Bonum Certa Men Certa

Links 30/12/2022: Slimbook Kymera Ventus

  • GNU/Linux

    • Desktop/Laptop

      • 2022 was the year of Linux on the Desktop

        Thanks to the 2022 StackOverflow developer survey we can finally say 2022 was the year of Linux on the Desktop!

        Linux as a primary operating system had been steadily climbing for the past 5 years. 2018 through 2021 saw steady growth with 23.2% , 25.6% , 26.6% , 25.3% , and finally in 2022 the usage was 40.23%. Linux usage was more than macOS in 2021, but only by a small margin. 2022 it is now 9% more than macOS.

      • OMG! LinuxMore Developers Use Linux than Mac, Report Shows - OMG! Linux

        The 2022 StackOverflow developer survey shows that more developers use Linux than Mac.

        And while Windows remains the most used platform with developers overall it’s not by as much as you may think.

        The traditional annual survey from developer resource Stack Overflow reveals, as noted by Thurrot, that Microsoft Windows is the most widely used operating system among developers who took part in the poll.

        A smidgen over 48 percent of developers say they use Windows in their work-related tasks (and a larger 62% say they use it for their non-work/personal/hobby needs).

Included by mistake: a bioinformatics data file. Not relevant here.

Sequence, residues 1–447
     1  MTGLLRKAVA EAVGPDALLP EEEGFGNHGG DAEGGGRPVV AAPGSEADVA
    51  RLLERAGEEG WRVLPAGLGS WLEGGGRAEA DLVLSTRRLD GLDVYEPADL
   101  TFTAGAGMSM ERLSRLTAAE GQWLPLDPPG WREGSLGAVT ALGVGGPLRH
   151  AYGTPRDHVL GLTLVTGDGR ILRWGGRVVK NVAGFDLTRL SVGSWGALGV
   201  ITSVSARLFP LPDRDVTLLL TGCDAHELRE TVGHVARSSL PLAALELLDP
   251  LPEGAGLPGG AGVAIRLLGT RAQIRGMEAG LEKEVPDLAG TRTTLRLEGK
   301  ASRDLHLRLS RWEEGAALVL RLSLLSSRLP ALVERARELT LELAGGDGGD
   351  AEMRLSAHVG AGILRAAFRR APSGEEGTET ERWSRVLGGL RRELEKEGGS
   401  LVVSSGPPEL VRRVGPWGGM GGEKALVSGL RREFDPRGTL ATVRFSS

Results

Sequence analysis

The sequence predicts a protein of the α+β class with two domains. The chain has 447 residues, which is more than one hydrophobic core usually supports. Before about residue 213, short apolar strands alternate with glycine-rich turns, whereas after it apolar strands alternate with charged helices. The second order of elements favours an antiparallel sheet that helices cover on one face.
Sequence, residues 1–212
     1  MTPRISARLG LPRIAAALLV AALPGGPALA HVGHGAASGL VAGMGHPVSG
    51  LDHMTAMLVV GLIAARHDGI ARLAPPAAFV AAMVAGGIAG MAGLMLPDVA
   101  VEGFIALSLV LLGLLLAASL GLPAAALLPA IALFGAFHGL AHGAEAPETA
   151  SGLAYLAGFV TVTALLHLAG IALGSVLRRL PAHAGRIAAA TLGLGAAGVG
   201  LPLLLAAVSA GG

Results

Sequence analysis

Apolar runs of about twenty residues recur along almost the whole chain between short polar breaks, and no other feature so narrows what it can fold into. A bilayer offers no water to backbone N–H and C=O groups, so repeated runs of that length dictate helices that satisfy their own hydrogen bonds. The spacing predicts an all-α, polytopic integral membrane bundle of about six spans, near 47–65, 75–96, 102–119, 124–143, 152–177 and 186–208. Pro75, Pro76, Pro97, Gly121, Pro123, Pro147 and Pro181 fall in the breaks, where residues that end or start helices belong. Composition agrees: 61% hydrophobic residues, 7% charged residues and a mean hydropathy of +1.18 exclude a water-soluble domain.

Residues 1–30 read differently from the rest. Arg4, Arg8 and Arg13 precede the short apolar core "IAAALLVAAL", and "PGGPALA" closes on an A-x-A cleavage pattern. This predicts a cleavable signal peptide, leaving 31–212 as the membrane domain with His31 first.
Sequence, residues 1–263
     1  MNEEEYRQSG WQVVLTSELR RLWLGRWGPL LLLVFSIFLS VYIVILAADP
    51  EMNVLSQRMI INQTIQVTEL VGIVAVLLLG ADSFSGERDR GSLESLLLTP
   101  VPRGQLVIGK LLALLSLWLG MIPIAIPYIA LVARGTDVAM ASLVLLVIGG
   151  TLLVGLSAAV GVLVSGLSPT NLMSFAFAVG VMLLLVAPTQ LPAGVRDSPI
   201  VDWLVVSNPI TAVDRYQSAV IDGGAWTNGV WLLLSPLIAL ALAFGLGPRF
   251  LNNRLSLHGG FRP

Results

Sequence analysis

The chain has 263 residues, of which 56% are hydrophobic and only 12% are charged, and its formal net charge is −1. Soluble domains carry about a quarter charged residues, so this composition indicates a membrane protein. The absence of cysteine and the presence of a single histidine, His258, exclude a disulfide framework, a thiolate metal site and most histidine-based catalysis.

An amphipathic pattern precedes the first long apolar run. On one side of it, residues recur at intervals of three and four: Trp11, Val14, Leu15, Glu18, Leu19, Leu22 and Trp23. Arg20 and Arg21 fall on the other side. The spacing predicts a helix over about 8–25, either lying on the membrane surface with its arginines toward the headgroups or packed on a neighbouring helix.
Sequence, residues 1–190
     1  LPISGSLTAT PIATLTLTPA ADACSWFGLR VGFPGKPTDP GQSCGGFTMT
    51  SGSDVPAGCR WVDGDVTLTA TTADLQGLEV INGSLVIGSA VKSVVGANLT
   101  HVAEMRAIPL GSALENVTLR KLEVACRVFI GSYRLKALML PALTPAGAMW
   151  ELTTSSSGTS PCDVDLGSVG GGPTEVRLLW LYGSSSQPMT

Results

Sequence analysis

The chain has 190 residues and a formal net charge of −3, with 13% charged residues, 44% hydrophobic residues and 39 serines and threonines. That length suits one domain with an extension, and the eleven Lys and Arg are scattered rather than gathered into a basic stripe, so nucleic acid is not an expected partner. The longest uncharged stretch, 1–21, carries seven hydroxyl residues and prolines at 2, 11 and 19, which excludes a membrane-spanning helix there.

• 9to5LinuxMeet the Slimbook Kymera Ventus AMD Black Limited Edition Linux Gaming PC

        To welcome 2023, Linux hardware vendor Slimbook announced today a Limited Edition of their Slimbook Kymera Ventus Linux-powered computer featuring support for the latest and greatest AMD and Intel CPUs, as well as black coating.

        Powered by the latest and greatest AMD Ryzen 7000 series with up to 16 cores and 5,7GHz boost clocks or the 13th Gen Intel “Raptor Lake” processors with up to 24 cores and 5,8GHz boost clocks, the Slimbook Kymera Ventus AMD Black Limited Edition desktop computer comes with an ATX-sized, full-metal case in an “intimidating” black color that “radiates respect and elegance from all its corners.”

    • Audiocasts/Shows

    • Applications

      • OMG! LinuxPeaZip’s New Update Boosts Speed, Lowers Memory Usage - OMG! Linux

        A new version of PeaZip, a free and open-source file archiver and data compression tool, is available to download.

        PeaZip 9.0 boasts major improvements in speed and memory usage. Developers working on the utility say it is now roughly 10% faster and uses 10% less memory when opening archives with over 250k files. It’s also ~3x faster at adding files to archives too.

        Given that decompression and compression is the core ask of an app of this kind, PeaZip’s newly-added performance improvements are sure to be appreciated by the app’s most avid users.